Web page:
When setting up a live streaming or video production kit at your church, choosing the camera placement is a critical step.
It’s easy just to pick a convenient spot and place your camera there. But if you put a little more thought into the framing of the image you want, it will take your live stream and video production to the next level.
But every sanctuary and venue is different. How do you know what the optimal placement is?
In this article, we’re going to walk through the main considerations that go into choosing the best place to mount the video cameras in your church.
Church Video Camera Placement
Before placing a camera anywhere, you need to understand what the camera view “feels” like from the viewer. If you are live streaming, consider that the camera is the viewer. If you place them in an awkward spot, or at an awkward angle, the stream is always going to feel awkward.
Even if you don’t know why the stream just won’t feel quite right.
Basic Considerations for All Camera Angles
There are a few things to consider for all of your cameras, regardless of where in the sanctuary you intend to place them.
Height of the Camera
In most churches, people both sit and stand and even stand with their hands raised high overhead. If your camera is too low, you’ll have to deal with people getting in the way. If your camera is too high, however, it’ll feel like you’re looking down on everything – like you’re hanging from the rafters.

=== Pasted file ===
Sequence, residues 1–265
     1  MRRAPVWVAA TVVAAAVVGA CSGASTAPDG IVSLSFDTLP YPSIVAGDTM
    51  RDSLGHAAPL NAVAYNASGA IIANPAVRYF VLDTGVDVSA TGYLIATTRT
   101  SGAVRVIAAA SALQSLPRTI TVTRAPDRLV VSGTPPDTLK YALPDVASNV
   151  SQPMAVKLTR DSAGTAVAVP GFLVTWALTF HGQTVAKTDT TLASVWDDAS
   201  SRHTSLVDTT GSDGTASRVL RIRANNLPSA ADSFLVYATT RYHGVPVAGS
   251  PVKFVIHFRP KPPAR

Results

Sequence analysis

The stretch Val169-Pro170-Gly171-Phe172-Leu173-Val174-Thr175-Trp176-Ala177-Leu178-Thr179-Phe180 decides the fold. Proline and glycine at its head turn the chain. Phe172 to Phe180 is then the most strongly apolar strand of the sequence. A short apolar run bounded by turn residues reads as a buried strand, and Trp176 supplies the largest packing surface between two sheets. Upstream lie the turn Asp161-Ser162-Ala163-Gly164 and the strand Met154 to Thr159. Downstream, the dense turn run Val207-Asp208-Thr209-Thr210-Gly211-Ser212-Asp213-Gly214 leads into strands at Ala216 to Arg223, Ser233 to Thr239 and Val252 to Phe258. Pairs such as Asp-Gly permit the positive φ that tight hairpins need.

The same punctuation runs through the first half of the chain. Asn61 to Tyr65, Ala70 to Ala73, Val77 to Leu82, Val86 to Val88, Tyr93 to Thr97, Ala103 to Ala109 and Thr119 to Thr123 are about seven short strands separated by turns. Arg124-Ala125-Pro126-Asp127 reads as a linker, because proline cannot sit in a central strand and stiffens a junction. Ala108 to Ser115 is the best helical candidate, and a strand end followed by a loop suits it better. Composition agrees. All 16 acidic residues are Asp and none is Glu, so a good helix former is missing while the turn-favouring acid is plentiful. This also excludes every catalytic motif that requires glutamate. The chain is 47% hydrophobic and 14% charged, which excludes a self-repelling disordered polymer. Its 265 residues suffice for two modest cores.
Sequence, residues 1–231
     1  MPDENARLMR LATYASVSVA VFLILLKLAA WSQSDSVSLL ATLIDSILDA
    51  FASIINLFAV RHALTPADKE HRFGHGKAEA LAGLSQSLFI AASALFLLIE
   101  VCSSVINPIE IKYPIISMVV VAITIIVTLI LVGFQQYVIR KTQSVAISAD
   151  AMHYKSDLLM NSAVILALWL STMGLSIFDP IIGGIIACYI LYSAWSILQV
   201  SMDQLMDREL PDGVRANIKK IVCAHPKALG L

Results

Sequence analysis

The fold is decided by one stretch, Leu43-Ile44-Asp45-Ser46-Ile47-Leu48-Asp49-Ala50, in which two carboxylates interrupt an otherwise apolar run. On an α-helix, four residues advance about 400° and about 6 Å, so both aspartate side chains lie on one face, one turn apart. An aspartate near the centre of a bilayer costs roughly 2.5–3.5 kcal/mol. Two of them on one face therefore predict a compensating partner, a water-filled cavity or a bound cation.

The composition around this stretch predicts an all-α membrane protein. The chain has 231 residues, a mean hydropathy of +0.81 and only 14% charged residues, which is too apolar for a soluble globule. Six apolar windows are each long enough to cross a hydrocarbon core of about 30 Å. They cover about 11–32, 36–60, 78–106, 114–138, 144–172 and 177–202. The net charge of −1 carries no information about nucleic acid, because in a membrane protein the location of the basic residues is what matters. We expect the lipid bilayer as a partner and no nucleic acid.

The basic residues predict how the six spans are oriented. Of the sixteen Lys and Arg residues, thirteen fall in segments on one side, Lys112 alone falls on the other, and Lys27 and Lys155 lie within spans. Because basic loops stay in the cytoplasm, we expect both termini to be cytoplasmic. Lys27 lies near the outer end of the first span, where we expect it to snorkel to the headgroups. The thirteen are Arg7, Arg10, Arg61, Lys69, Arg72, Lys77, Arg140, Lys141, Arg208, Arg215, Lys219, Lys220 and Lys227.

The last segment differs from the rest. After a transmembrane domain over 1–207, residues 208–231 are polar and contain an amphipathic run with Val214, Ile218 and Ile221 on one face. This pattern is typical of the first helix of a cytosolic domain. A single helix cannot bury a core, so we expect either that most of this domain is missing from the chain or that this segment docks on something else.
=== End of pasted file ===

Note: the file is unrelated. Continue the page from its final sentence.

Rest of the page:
You do want your camera high enough to avoid the congregation accidentally blocking the view. But you don’t want the camera too high.
As a general rule, the further away from the stage, the higher the camera can go without feeling “too high.”
Wiring the Cameras
Most church cameras are hard-wired to the video switcher. And the switcher may be in the sound booth, or it may be in an adjoining room. Regardless, you must consider how to wire the cameras at the chosen placement. In some cases, the fact you need wiring to reach the camera may make some placements impossible.
Special Service Requirements
Does your church do special productions or plays? Does your church host weddings and ceremonies?
If so, you should consider the needs of those special services when you’re mounting your cameras as well. You don’t want to have to set up and tear down a whole new system just because your cameras can’t catch the bride and groom very well.
Consider Future Upgrades
Future-proofing your setup is critical to not overspending. If you know you want to add more cameras later, then plan your camera placement beforehand. Even if you start with a single camera, you don’t want to have to reroute cabling and such when you add a second one.
Planning ahead will ensure your camera placements are future-proofed.
Placing a Single-Camera Video Setup
If you only have one camera, a straight-on shot is definitely preferred. You may be able to zoom, pan, and tilt, but with a single “perspective,” you want to ensure it feels the most natural.